FILE PHOTO: Frans Timmermans, first Vice President of the European Commission, speaks during an Emergency Declaration for Nature and People event after the 2019 United Nations Climate Action Summit at the U.N. headquarters in New York City, New York, U.S., September 23, 2019. REUTERS/Shannon Stapleton
BRUSSELS (Reuters) – Eight European Union states have called on the bloc’s incoming top climate official, Frans Timmermans, to raise the EU’s carbon dioxide reduction target for 2030 to 55% from 40%.
Environment ministers from Spain, Portugal, Latvia, Sweden and four other EU countries presented their demand in a letter, which was seen by Reuters ahead of Timmermans’ confirmation hearing in the European Parliament due later on Tuesday.
While there is broad – if not unanimous – support for the EU to achieve net-zero emissions by 2050, there are differences among members over how much progress should have been made by 2030. In 2018, the majority of EU states agreed on a 40% reduction, a goal some have criticized as not ambitious enough.
Timmermans will be on the stand on Tuesday as the proposed Executive Vice-President for the European Green Deal, the signature climate and environmental policy package of the incoming head of the bloc’s powerful executive European Commission, Ursula von der Leyen.
The letter asks for increased ambitions “to underpin the European Green Deal to drive the in-depth transformation and bold measures needed across all sectors of the economy.”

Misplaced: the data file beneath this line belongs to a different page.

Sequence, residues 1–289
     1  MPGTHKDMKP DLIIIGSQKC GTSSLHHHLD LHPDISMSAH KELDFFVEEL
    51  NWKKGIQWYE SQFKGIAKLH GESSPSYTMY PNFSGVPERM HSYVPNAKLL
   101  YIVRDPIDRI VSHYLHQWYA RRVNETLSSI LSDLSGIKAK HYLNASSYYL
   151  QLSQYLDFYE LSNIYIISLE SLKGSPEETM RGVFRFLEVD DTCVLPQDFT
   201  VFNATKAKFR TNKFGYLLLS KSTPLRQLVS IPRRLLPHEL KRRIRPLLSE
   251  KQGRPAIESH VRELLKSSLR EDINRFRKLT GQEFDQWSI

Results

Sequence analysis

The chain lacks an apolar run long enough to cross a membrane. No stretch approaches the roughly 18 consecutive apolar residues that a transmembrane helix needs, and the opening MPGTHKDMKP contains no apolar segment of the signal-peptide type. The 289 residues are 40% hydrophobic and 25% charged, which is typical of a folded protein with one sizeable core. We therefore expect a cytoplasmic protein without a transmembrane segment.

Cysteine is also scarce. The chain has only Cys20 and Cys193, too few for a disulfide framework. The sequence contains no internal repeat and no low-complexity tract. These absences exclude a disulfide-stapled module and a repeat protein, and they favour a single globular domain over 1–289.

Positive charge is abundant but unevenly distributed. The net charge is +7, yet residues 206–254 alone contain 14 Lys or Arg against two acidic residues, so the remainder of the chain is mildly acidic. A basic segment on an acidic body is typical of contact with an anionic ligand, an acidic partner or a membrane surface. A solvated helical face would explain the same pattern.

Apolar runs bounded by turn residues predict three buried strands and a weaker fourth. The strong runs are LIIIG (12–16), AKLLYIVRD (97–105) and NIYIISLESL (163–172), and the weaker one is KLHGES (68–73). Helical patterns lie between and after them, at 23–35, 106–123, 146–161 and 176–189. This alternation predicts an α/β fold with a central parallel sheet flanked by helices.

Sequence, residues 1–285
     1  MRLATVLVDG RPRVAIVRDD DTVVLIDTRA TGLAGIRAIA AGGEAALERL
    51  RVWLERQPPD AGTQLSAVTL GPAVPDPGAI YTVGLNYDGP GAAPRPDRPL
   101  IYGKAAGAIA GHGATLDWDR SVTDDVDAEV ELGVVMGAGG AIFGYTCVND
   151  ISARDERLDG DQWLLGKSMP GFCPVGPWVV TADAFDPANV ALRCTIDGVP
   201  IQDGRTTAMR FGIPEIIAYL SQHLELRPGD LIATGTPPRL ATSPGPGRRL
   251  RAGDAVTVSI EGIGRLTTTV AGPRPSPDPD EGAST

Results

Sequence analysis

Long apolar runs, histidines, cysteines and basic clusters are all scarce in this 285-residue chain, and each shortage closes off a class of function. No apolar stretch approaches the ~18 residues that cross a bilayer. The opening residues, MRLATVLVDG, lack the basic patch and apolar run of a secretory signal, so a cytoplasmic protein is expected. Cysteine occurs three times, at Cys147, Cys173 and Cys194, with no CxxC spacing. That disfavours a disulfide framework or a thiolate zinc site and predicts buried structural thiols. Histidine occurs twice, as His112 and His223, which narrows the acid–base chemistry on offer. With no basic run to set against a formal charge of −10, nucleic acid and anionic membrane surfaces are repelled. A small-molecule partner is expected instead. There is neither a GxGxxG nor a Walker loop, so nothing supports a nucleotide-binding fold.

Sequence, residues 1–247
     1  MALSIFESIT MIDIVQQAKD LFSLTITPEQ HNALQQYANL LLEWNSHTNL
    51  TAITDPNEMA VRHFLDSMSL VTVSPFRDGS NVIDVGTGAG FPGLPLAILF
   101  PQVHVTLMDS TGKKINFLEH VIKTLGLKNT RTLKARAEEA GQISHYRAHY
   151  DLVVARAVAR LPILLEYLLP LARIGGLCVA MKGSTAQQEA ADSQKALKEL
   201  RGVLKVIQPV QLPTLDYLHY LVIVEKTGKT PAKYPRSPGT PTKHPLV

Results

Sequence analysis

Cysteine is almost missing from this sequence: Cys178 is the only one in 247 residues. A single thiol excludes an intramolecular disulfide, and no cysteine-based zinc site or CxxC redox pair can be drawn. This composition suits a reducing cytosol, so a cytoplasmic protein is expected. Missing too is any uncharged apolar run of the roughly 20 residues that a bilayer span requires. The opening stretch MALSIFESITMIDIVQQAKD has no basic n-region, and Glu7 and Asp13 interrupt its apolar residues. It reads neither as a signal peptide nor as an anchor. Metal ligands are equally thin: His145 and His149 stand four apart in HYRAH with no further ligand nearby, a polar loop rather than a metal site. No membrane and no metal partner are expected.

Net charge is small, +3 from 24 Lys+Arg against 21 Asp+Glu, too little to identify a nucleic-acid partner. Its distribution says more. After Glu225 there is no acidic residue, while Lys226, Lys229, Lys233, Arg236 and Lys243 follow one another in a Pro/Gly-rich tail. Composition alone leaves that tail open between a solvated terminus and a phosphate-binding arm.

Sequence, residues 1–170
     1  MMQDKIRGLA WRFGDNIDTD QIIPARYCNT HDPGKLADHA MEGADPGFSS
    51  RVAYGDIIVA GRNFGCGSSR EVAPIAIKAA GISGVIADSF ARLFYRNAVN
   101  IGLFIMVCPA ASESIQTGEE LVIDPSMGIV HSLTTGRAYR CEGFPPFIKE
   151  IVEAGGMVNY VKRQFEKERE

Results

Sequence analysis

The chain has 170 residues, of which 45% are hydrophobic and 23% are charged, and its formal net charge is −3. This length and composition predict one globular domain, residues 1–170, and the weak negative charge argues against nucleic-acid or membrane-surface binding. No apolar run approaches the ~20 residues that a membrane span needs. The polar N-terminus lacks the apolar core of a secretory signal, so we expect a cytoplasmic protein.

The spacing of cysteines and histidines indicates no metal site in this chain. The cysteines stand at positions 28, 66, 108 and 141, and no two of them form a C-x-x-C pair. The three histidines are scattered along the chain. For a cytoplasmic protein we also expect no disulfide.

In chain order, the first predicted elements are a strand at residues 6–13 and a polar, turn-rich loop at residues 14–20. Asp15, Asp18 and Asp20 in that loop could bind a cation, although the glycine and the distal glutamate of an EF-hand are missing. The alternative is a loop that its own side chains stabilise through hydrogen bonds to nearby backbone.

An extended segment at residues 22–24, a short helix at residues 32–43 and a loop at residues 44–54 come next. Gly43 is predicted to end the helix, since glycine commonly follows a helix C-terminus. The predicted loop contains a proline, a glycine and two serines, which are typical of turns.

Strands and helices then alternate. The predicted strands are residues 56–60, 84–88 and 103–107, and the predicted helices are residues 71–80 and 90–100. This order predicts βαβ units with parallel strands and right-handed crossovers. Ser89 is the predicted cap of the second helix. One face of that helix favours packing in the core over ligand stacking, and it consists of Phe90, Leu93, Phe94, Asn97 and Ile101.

Von der Leyen has already tasked Timmermans, a former Dutch foreign minister, with increasing the 2030 goal from 40% to “at least” 50%.
Germany, where chancellor Angela Merkel has spoken in favor of the 55% target, did not sign the letter after government ministries in Berlin failed to agree on a set of climate protection measures earlier this month.
Sebastian Mang, EU climate policy adviser at activist organization Greenpeace, called Germany’s absence “conspicuous.”
Germany hesitated over backing the net-zero 2050 target, fearing it might open a door for the bloc to reassess its 2030 goal and hurt its car industry. It did, however, back both the 2030 and 2050 goals at an EU summit in June.
Reporting by Jonas Ekblom; Editing by Mark Potter
Get more stuff like this
Subscribe to our mailing list and get interesting stuff and updates to your email inbox.
Thank you for subscribing.
Something went wrong.